BIO Web Conf.
Volume 12, 201941st World Congress of Vine and Wine
|Number of page(s)||4|
|Published online||19 February 2019|
Influence of yeasts of the genus Saccharomyces and not Saccharomyces in elaboration of white wines
Federal University of Pampa, Dom Pedrito, RS, Brazil
Traditionally the Serra Gaúcha region, in the state of Rio Grande do Sul, is known as a barn productor of excellent quality wines. The aromatic complexity of wine in general, and white wine in particular, is what is essential to satisfy an increasingly demanding consumer. Among the most used techniques to achieve this purpose is the addition of yeasts of different genres, thus providing a range of aromatic characteristics that are accentuated in it. In this sense, the objective of this work was to evaluate the use of different strains of yeasts in white wines of Riesling Italic variety, made from grapes grown in the Serra Gaúcha region, in the state of Rio Grande do Sul. Based on the results, it was possible to observe that there were no significant differences between the treatments in relation to the variables pH, total acidity and alcoholic degree. However, with respect to the fermentation yield, T3 was the treatment that obtained the best performance, reaching the ideal density (below 1000 g.cm3) in the course of 6 to 7 days, followed by treatments T1 (Saccharomyces cerevisae) and T5 (Levulia pulcherrima) (7 to 8 days), with treatments T2 (Saccharomyces cerevisaecerevisae) and T4 (Torulaspora delbrueckii), which had the lowest performance (9 to 10 days). The T4 treatment was also the one that presented a higher amount of residual sugars, which proves the less activity of this yeast in more alcoholic means. All the yeasts used have a low production of volatile acidity, but the lowest concentration was Saccharomyces cerevisae cerevisae, used in treatment T2 (0.1 gL−1), and the other treatments presented higher concentrations (0, 4 to 0.5 gL−1), although it is still within the parameters considered ideal for obtaining quality white wines. T2 was also the treatment with lower concentrations of glycerol (5.1 g.L−1). This compound is mainly formed by glyceropyruvic fermentation through the metabolism of yeasts at the beginning of alcoholic fermentation, usually being produced by the first 50 grams of fermented sugars, which may indicate a greater activity of this yeast in this fermentation period. In general, we can say that all the yeasts used have the potential to produce quality white wines, since they had good fermentation yields, satisfactory production of alcohol and glycerol, and low production of volatile acidity.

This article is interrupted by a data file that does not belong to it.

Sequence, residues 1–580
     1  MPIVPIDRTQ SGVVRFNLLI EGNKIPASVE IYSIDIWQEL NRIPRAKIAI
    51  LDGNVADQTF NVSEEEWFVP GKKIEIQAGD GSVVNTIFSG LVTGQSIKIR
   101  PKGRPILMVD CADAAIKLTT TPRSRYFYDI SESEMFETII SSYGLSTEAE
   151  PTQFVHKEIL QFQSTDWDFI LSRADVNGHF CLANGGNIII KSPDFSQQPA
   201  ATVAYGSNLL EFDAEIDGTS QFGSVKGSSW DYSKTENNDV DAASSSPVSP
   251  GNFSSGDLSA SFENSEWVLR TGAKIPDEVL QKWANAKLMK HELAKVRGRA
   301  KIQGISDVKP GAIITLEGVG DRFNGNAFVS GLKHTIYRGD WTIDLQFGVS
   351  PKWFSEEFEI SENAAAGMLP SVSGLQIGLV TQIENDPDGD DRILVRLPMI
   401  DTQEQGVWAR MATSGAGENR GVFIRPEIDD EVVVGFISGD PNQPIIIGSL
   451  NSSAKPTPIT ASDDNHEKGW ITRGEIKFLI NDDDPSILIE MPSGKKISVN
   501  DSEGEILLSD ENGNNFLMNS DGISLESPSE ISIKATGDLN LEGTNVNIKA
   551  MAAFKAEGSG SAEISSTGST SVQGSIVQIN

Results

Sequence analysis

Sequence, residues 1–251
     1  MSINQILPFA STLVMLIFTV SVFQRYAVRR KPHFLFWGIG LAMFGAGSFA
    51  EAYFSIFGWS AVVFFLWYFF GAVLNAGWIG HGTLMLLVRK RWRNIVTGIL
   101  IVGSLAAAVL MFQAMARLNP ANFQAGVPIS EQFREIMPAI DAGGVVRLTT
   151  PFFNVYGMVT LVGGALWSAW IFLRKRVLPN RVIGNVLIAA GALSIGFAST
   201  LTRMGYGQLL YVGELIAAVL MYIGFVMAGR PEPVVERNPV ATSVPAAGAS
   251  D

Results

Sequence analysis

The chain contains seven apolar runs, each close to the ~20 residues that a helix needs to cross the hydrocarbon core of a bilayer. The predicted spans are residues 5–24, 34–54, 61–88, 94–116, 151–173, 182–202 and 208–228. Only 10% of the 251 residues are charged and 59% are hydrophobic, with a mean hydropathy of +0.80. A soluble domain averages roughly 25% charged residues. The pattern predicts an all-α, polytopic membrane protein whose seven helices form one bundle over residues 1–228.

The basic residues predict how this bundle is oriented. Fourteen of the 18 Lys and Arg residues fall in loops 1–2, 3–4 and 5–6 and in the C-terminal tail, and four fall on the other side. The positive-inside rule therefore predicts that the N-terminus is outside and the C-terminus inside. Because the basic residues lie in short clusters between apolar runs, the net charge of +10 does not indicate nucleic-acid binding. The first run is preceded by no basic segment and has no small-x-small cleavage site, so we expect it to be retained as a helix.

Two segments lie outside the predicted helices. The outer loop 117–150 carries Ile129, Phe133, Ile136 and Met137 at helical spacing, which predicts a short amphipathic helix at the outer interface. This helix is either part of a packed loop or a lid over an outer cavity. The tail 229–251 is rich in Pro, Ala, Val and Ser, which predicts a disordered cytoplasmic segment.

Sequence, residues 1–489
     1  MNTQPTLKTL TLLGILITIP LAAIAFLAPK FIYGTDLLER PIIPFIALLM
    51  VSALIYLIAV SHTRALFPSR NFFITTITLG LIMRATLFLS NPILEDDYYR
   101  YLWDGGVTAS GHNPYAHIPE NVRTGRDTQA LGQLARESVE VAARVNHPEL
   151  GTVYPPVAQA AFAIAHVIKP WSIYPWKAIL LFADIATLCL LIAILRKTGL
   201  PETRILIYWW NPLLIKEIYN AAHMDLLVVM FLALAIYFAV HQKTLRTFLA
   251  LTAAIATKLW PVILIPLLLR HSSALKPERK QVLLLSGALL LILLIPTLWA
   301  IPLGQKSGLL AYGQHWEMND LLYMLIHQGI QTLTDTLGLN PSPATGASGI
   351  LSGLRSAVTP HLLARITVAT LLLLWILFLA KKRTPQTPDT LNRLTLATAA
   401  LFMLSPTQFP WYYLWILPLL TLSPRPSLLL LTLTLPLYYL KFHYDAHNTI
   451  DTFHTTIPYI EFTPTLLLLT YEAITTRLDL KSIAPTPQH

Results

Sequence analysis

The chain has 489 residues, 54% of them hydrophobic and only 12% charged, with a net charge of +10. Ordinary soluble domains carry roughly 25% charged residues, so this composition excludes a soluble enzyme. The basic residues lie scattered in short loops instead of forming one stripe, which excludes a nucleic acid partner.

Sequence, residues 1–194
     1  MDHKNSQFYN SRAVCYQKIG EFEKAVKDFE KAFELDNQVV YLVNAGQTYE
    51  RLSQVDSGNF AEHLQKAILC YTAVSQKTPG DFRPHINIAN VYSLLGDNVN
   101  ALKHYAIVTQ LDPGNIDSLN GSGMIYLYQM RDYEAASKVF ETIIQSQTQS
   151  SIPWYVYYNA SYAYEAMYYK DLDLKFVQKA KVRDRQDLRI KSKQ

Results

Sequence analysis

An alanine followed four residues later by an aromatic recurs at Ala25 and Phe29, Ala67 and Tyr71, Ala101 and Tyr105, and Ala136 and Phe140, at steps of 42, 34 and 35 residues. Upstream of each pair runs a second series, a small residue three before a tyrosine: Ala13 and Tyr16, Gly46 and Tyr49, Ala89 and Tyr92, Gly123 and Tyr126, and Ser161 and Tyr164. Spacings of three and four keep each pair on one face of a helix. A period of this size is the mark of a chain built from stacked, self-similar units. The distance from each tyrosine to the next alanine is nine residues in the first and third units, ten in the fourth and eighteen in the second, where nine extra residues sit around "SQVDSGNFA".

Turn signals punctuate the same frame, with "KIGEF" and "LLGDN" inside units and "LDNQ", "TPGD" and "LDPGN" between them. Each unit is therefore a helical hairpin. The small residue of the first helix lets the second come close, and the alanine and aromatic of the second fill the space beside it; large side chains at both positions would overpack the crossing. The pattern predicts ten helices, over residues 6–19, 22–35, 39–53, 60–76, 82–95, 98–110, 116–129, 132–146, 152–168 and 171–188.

© The Authors, published by EDP Sciences, 2019
This is an Open Access article distributed under the terms of the Creative Commons Attribution License 4.0 (http://creativecommons.org/licenses/by/4.0/), which permits unrestricted use, distribution, and reproduction in any medium, provided the original work is properly cited.
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